Today is 3.14, the day that many math nerds and bakers join forces to make pie for Pi Day. If you’ve been longing to recite the 50+ decimal places of pi or whip up a pineapple pie, this is your moment to shine. Here at KCRW, the date has long been on the “Good Food” calendar. If you’re new here, you may not know that we are more than a bit pie obsessed, looking for any excuse to taste a bite of pie for all its tasty puns and purposes. (If you don’t believe us, check out **KCRW’s annual “Good Food” pie contest** and Evan Kleiman’s **Pie-A-Day** blog posts.) This year however, 3.14 moved us to consider the notion that Pi Day might be glorifying a ratio that doesn’t live up to all the hype.

Everyone remembers from high school trigonometry. We poured over its properties and heralded it as the imperative ratio of a circle’s circumference to its diameter. You might also recall hating circles and being perpetually confused. But don’t beat yourself up over it! Perhaps our teachers just explained it to us **all wrong**. The ratio is correct and is used to define beautiful things like **Euler’s formula**. To put it as simply as possible, π = *C*/2*r* = 3.14159… in radians, = 180°. In every equation that includes π/2, we are referring to two half circles. That muddies up the magic of mathematical simplicity.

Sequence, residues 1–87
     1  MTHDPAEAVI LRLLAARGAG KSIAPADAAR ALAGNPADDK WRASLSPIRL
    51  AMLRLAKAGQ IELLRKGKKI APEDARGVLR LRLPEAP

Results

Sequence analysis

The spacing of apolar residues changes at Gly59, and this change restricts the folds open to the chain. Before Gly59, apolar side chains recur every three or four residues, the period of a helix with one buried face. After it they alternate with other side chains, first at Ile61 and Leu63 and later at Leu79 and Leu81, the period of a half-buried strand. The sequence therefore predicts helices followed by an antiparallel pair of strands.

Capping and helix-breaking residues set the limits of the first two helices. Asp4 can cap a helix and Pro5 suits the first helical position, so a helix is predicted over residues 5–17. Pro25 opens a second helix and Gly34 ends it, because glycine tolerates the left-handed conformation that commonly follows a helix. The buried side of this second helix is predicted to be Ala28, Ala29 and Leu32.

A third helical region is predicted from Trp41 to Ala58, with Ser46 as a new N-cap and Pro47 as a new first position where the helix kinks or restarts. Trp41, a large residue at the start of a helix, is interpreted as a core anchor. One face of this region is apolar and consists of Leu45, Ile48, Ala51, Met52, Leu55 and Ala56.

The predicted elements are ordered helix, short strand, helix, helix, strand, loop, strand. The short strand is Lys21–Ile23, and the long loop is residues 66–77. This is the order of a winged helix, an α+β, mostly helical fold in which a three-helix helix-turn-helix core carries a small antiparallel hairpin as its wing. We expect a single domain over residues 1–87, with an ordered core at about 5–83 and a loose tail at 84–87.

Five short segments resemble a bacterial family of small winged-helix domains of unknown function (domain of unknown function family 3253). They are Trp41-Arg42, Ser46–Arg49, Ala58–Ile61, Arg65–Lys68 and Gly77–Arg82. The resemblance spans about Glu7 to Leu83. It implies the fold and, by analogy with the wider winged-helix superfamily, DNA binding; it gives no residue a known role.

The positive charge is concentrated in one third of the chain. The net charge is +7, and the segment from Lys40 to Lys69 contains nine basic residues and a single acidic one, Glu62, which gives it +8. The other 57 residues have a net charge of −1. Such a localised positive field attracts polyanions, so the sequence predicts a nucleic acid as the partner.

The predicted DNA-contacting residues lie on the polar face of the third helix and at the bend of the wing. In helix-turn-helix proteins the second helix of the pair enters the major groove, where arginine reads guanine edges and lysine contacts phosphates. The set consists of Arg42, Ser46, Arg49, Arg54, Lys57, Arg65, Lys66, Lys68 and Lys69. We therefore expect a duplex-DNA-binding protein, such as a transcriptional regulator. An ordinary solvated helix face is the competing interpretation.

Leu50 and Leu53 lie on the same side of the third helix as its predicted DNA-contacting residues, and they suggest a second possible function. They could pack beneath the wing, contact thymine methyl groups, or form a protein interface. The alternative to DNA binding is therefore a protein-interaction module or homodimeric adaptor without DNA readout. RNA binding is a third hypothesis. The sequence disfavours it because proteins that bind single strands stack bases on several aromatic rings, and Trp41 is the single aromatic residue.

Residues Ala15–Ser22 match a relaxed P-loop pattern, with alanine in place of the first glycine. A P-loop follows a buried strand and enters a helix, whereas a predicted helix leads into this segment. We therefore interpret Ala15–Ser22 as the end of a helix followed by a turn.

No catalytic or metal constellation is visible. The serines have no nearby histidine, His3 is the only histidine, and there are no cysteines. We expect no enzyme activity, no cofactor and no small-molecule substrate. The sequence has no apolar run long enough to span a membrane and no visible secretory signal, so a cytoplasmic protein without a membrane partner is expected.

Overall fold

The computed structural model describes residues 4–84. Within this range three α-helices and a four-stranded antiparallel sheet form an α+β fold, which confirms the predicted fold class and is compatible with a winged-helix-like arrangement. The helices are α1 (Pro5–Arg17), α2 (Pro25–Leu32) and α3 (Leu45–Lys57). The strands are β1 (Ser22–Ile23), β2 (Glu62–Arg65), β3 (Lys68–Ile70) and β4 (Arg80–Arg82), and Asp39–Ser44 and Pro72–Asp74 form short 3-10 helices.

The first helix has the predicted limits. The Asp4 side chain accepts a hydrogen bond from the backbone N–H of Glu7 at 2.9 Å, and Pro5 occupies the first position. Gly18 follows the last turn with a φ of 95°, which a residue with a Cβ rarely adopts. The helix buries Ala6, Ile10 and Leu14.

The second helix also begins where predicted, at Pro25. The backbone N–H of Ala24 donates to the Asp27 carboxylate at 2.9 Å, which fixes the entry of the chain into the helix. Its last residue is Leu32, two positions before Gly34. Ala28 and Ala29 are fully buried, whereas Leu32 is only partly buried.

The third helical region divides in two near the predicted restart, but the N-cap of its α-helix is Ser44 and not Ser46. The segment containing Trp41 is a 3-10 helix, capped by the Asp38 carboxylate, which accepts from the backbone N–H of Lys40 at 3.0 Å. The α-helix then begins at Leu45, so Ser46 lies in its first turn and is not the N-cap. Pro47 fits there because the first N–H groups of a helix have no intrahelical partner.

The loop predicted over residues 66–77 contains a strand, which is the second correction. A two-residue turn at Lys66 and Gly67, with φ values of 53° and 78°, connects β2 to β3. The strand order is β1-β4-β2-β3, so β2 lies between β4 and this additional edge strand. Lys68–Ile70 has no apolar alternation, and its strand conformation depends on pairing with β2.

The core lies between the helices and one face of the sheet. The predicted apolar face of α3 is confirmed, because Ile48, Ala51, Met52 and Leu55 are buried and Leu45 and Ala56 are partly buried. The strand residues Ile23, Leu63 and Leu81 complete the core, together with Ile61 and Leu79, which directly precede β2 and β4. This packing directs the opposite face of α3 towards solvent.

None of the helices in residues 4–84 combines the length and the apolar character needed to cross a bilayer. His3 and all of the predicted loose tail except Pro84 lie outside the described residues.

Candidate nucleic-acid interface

Michael Hartl puts it this way in his book “**The Tau Manifesto**”: “Using pi is like having a weird car whose odometer and speedometer display half-miles and half-miles-per-hour, while all the road signs show miles and miles-per-hour.” Hartl is a proponent of a movement suggesting we use the ratio τ = *C/r* = 6.28 in place of 2π symbolize the full circle. When we use τ/2, it is a half circle, and τ /4, it is a quarter of a circle. Now how can you get more intuitive than that!?

If you’re still with me, you’re just as into numbers as I am and I suggest you watch the following YouTube series from mathemusician Vi Hart to learn more about tau and other pi-related perils.

Though I think we need to celebrate the beauty of food and math throughout the year, I also believe we need to reevaluate our current educational curriculum to give tau more love. So I, for one, will be back on **Tau Day**, 6.28, to share my favorite tau(rt)s. Until then, Happy Pi Day from the “Good Food” team!